Tag Archives: Texas GOP

Is it possible for a huge upset in Texas?

I’ll say it once more with feeling: I want Beto O’Rourke to win the U.S. Senate seat now occupied by Ted Cruz.

O’Rourke is the Democratic challenger to the Republican incumbent.

There. That’s out of the way.

A new poll by Quinnipiac University suggests that this moment, O’Rourke is well within striking distance of shooting down the Cruz Missile. The poll puts Cruz a 47 percent, with O’Rourke at 44 percent; the margin is well within the poll’s 3.6-percent margin of error.

I’m not going to pop the bubbly. It’s only mid-April; the election will occur in November. That’s about a thousand lifetimes, politically speaking.

Texas remains a heavily Republican state. I get that it always remains a huge hurdle for a Democrat to win a statewide race in Texas, something that hasn’t happened since 1994.

With all this talk of a “blue wave” getting ready to sweep over Congress in this year’s midterm election, I am left to wonder if that so-called Democratic wave is going to wash over Texas this fall. If it does, and O’Rourke at least keeps this contest competitive, then it well might portend something quite significant happening around the rest of the country.

To be truthful, it concerns me that Texas has been so maddeningly non-competitive in these statewide races. It really isn’t critical that Texas flip completely from Republican to Democratic leanings. What I would prefer to see is a competitive political climate that keeps the major parties more intellectually honest.

I don’t like one-party dominance. I don’t like it now and I didn’t like it in the Golden Triangle, where Democrats once ruled supreme over the political landscape. That has changed in that corner of the state. I wish it would happen in the Texas Panhandle.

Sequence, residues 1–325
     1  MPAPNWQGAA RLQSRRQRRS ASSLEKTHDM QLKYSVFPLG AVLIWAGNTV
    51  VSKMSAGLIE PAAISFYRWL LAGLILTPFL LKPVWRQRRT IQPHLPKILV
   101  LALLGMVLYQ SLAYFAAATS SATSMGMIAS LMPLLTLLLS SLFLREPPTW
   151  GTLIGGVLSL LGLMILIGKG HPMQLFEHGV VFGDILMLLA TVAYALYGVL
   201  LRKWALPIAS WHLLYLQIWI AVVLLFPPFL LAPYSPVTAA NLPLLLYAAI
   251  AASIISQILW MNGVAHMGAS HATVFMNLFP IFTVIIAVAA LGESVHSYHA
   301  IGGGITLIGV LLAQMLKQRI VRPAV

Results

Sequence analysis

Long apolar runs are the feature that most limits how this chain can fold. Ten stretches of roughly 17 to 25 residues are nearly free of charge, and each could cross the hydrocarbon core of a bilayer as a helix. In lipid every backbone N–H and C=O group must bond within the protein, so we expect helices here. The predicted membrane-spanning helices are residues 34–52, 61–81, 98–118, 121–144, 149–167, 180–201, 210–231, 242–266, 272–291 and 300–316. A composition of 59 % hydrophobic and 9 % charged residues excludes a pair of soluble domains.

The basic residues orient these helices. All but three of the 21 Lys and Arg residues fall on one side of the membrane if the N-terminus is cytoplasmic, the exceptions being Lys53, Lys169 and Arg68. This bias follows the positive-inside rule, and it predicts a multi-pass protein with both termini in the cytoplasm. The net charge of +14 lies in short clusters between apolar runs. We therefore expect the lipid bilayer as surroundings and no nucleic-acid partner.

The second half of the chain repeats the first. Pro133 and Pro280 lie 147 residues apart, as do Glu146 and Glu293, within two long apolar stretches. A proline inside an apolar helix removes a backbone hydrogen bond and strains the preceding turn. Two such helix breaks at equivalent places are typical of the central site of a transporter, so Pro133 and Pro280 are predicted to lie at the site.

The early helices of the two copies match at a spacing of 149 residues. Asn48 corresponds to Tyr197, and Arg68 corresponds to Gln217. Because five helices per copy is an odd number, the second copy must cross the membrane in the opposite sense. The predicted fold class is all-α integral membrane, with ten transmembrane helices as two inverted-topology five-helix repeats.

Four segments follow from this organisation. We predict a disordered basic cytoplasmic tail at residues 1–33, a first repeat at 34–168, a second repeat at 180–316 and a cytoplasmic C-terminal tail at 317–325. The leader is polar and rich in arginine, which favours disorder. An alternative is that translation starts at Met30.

I also am hoping it can happen in at least one highly visible statewide race: Beto vs. the Cruz Missile.

But … yes, I want Beto to win.

Disappointed in GOP primary for land commissioner

I’ve already told you about my satisfaction in the Republican Party primary election finish for two key races for the Texas Legislature: State Sen. Kel Seliger and state Rep. Four Price, both of Amarillo, beat back challenges to win their party’s nomination.

In Seliger’s case, he has a token foe this fall, so he’s virtually assured of his re-election.

I suffered through my share of GOP disappointments, to be sure.

One of them involved the race for Texas land commissioner. I cast my ballot for former Land Commissioner Jerry “The Gun Guy” Patterson, who sought to win his old job back from the incumbent, George P. Bush.

Patterson had grown weary of Bush’s scaling back of General Land Office functions, notably its administering of The Alamo in San Antonio. Bush keeps harping on how “conservative” he has been in running the GLO.

I’ve long appreciated Patterson on a couple of levels.

He had a demonstrated commitment to veterans issues. The GLO administers the state’s veterans home loan program and Patterson — a former Marine Corps pilot — made the issue his own as land commissioner.

I also appreciated his self-deprecating humor, how he doesn’t take himself too seriously. Patterson once joked about how he finished “in the top 75 percent of my class at Texas A&M,” and how he managed to earn is “four-year degree in six years.”

I get that these personal traits don’t necessarily translate to public policy, but I do find them endearing.

Patterson ran for land commissioner after a Texas Senate career distinguished by his authoring the state’s concealed handgun carry bill. I opposed that legislation when he introduced in the mid-1990s; although I don’t endorse it now, I have come to accept it as the law of the state.

Bush is likely to be re-elected this fall. He’ll continue to scale back the GLO’s functions, declaring his actions to be those of a dedicated conservative. Patterson sought to make the case that the Land Office needs to step up to take care of state treasures, such as The Alamo.

He didn’t make the case to enough Republican Party primary voters.

That’s too bad.

Now the governor calls for GOP ‘unity’

Texas Gov. Greg Abbott is trying to recover from some of the political wounds he suffered this week in the state’s Republican Party primary.